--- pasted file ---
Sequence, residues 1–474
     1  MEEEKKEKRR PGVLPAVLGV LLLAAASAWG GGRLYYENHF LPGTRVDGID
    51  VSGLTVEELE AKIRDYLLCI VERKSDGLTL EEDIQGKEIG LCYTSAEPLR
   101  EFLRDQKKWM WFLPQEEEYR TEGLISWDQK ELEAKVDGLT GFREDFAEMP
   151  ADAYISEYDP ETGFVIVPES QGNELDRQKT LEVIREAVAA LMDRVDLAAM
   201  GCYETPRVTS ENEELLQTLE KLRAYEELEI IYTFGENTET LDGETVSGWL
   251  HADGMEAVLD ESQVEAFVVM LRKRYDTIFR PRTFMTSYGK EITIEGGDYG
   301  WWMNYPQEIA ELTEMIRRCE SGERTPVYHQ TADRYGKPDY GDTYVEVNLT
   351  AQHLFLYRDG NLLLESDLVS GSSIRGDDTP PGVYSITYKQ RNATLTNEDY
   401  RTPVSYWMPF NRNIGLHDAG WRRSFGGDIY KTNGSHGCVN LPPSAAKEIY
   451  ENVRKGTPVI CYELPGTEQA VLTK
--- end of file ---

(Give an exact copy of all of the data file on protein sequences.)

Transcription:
Sequence, residues 1–474
     1  MEEEKKEKRR PGVLPAVLGV LLLAAASAWG GGRLYYENHF LPGTRVDGID
    51  VSGLTVEELE AKIRDYLLCI VERKSDGLTL EEDIQGKEIG LCYTSAEPLR
   101  EFLRDQKKWM WFLPQEEEYR TEGLISWDQK ELEAKVDGLT GFREDFAEMP
   151  ADAYISEYDP ETGFVIVPES QGNELDRQKT LEVIREAVAA LMDRVDLAAM
   201  GCYETPRVTS ENEELLQTLE KLRAYEELEI IYTFGENTET LDGETVSGWL
   251  HADGMEAVLD ESQVEAFVVM LRKRYDTIFR PRTFMTSYGK EITIEGGDYG
   301  WWMNYPQEIA ELTEMIRRCE SGERTPVYHQ TADRYGKPDY GDTYVEVNLT
   351  AQHLFLYRDG NLLLESDLVS GSSIRGDDTP PGVYSITYKQ RNATLTNEDY
   401  RTPVSYWMPF NRNIGLHDAG WRRSFGGDIY KTNGSHGCVN LPPSAAKEIY
   451  ENVRKGTPVI CYELPGTEQA VLTK